TUESDAY, July 18, 2006 (HealthDay News) -- A specific gene variant has a major impact on the risk for age-related macular degeneration (AMD), the leading cause of vision loss in the elderly, Dutch researchers report.
The gene governs production of a molecule called complement factor H (CFH), which is involved in inflammation. Persons with two copies of a variant of the gene were at 11 times the risk of developing AMD compared to non-carriers, according to a report in the July 19 issue of the Journal of the American Medical Association.
More than a third of individuals in the study carried the higher-risk gene, the researchers found.
The relationship between the CFH gene variant and AMD has been established by a number of smaller studies, said Lindsay A. Farrer, chief of the genetics program at Boston University, who helped conduct one of those studies.
"The most important contribution here is that this may be the first report of this association in a community sample, as opposed to prior reports based on small clinical samples," Farrer said.
Physicians at Erasmus Medical Center in Rotterdam followed 5,681 residents of that city who were 55 years or older when the study began in 1990.
Those who carried the gene variant had a 48 percent risk of developing AMD by age 95, compared to a 22 percent risk for non-carriers, the researchers found.
The study also assessed other risk factors, such as smoking and blood levels of C-reactive protein, a marker of inflammation. It found that smoking increased the risk of AMD 34-fold for carriers of the gene variant, while high C-reactive protein levels increased their risk 28-fold.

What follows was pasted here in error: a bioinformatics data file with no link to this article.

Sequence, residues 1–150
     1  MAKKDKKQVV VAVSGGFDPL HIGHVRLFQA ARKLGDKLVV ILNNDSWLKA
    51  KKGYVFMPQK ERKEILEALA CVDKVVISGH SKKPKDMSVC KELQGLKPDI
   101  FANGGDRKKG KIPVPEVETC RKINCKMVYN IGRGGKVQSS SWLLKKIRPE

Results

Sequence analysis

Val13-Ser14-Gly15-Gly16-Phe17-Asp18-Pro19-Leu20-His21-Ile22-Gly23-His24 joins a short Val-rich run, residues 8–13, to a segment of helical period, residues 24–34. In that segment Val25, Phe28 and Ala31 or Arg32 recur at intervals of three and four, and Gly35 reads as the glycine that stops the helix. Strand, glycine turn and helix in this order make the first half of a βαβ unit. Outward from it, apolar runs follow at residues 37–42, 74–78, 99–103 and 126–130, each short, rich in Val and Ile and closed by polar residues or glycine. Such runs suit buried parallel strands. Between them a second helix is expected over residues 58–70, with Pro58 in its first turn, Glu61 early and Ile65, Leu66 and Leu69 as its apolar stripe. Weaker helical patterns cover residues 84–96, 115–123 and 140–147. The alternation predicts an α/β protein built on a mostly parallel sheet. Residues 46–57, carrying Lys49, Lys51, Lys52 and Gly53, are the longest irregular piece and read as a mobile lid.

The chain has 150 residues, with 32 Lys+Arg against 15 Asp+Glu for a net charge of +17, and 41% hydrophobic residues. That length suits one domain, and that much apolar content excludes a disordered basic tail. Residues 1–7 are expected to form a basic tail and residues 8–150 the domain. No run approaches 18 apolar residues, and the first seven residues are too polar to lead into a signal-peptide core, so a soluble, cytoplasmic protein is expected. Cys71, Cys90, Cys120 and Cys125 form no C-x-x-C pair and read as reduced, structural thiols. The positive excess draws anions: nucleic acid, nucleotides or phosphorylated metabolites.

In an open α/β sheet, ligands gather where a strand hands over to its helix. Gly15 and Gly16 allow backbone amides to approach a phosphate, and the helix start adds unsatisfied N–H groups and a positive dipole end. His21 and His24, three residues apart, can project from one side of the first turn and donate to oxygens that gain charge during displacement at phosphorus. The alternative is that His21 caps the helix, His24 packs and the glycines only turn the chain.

"There was an interactive effect between smoking and this gene," Farrer said. "The effect appears more than additive, so there is some interaction going on."
But another expert said there is a broader range of risk factors for AMD, which involves a degradation of the central part of the retina.
"The condition is likely polygenic [involving several genes]," said Neal Adams, chief of the Wilmer Eye Institute division of visual physiology at Johns Hopkins Hospital in Baltimore. "These genes either act alone or in combination with environmental factors. We are trying to understand how many genes are involved."
The study results bring scientists closer to understanding the genetic and molecular mechanisms involved so they can devise targeted treatments for AMD, Adams said. "We can target either the genetic defect or the pathway that results from the genetic effect," he said.
What is still needed is a study that looks at all the possible risk factors for AMD, including dietary elements such as cholesterol, said Dr. Richard Spaide, a retina specialist at the Manhattan Eye, Ear and Throat Hospital in New York City.
"This is getting a little closer to it," Spaide said of the Rotterdam study. "But so far no one big study has looked at everything, including smoking, family history, diet and overweight."
AMD is a growing medical issue in the United States. Researchers have estimated that a third of Americans will develop some form of the condition by age 75. Ophthalmologists currently often have no treatment to offer an aging individual as his or her central vision loses its sharpness.
Since many people are unknowing carriers of the gene variant -- 36.2 percent of those in the Rotterdam study had it -- preventive measures should be stressed, Spaide said.
"You can't do anything about age, but you can do something about diet and smoking," Spaide said.
Learn more about age-related macular degeneration from the U.S. National Eye Institute.